Pure theory inculcates in us the natural and necessary tendency to make a fair adjustment [of prices], ignores the intermediate difficulties out of question, like friction a mechanical problem; and rightly condemns the folly of trying to rectify inequality by law. But laws, even if they cannot rectify the problem, can make it worse. Those same frictions can be solved with care and art. […] Therefore the work of a manufacturing worker is a transmissible good compared to that of a laborer. Competition instructs the owner about its value and circulates freely in those districts where it is needed.

Edward Copleston, 1819

Although the bourgeoisie, after its victory, would go on to claim that the tendency toward enclosure, privatization and over-exploitation is part of human nature, what became naturalized was a crushing victory of the ruling class over the exploited.

The Tragedy of the Commons, “Human Nature” and Capitalism

What bourgeois morality pretends to call “human nature” is nothing but capitalist rationality. In reality, the problem of the bourgeoisie was never abut shepherds or farmers over-exploiting the communal and bringing the whole system down, it was the opposite: the system was too stable to allow commodification to proceed. Peasants had no desire or need to become day laborers, journeymen, or industrial workers. And without absorbing their labor under the direction of capital it was impossible to improve agricultural productivity by increasing exploitation in absolute terms. Without cheap food, turning the peasants themselves into industrial workers would make the cost structure of new manufacturing unfeasible.

When the bourgeoisie succeeded in destroying the land communities in sufficient numbers to force this double movement of peasant over-exploitation and mass migration, it also needed to break down the state’s protections against starvation… because even living off the meager public benefits was more attractive than becoming an industrial proletarian. The bourgeoisie then needed to advance a new morality that asserted that the hunger and misery it was causing was in fact an “incentive” for progress, while laying responsibility on the shoulders of the worker. Thomas Malthus and Jeremy Bentham will be the theorists of that new capitalist morality which asserts a new kind of “rationality” and with it a new “human nature”.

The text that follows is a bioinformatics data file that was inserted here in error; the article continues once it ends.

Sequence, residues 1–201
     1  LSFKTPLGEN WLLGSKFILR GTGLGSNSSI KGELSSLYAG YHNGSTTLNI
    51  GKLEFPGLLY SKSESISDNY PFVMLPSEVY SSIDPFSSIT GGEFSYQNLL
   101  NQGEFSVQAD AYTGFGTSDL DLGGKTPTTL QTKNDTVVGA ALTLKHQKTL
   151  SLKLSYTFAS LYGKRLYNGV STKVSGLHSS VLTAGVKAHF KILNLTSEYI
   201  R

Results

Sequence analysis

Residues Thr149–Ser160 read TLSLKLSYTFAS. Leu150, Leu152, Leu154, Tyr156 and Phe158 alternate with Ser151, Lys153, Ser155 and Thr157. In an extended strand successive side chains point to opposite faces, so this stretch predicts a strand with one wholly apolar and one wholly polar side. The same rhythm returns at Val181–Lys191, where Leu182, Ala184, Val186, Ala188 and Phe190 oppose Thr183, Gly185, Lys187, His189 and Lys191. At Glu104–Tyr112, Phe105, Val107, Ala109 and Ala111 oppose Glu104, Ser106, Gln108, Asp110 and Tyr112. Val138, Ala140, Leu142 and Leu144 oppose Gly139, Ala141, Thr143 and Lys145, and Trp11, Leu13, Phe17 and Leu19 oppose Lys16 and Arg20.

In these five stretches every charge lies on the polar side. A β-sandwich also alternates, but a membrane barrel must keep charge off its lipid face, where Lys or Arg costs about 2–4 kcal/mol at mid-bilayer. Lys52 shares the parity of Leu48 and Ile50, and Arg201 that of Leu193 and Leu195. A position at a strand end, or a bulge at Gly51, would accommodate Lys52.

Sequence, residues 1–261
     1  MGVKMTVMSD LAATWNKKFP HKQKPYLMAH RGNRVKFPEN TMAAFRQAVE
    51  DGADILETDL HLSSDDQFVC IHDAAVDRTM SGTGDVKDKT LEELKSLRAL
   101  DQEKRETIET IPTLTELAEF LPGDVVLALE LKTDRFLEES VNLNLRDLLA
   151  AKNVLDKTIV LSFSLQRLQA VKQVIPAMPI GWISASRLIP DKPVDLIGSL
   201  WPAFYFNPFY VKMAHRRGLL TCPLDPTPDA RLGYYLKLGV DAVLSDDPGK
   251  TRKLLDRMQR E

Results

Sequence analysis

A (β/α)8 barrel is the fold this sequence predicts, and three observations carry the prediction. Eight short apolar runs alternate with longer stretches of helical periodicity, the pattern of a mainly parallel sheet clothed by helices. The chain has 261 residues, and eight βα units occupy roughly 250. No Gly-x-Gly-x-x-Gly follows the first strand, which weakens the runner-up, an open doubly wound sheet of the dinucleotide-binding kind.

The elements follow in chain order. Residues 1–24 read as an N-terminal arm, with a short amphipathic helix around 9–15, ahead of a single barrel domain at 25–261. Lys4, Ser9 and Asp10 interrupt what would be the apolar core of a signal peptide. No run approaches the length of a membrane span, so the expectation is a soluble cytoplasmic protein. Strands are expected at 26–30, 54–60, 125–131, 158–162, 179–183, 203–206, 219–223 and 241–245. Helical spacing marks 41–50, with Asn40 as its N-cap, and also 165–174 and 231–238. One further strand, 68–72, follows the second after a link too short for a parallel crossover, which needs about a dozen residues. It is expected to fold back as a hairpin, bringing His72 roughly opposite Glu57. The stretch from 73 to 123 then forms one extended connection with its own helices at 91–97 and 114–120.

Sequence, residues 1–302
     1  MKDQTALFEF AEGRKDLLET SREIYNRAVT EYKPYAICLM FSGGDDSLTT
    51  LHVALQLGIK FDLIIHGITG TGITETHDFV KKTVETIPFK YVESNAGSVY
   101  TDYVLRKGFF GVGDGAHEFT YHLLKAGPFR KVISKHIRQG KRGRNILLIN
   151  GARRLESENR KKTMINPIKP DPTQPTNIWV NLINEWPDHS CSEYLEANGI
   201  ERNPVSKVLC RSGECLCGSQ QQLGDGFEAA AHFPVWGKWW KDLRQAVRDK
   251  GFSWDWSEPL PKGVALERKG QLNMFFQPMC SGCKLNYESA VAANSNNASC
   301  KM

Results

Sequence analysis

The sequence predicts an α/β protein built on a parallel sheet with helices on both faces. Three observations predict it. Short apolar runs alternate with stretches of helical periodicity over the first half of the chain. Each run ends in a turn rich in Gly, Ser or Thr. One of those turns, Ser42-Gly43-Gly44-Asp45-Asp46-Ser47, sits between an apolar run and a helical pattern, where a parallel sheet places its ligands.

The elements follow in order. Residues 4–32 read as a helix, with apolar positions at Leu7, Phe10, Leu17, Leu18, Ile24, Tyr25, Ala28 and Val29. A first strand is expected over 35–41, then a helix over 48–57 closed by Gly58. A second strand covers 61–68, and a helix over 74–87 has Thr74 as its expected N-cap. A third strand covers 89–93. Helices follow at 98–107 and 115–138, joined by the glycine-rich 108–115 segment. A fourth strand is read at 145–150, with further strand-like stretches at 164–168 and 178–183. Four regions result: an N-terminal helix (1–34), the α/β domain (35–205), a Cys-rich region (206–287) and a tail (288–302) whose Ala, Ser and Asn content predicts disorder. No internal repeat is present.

When almost a century and a half later Hardin seeks arguments against communal property, he will only have to assume that “human nature” has always reflected capitalist rationality to prove… that the historical reality of the commons was “impossible”. A cheap post-hoc self-justification of economics. That’s the whole play under the “tragedy of the commons.” And what is worse, it also underlies Ostrom’s criticism which, incapable of thinking the communal in another framework of social relations, tries to match the historical institutions of communal production with the capitalism that destroyed them, on the basis of justifying bureaucracies, experts and complex systems that would require a specialized management layer.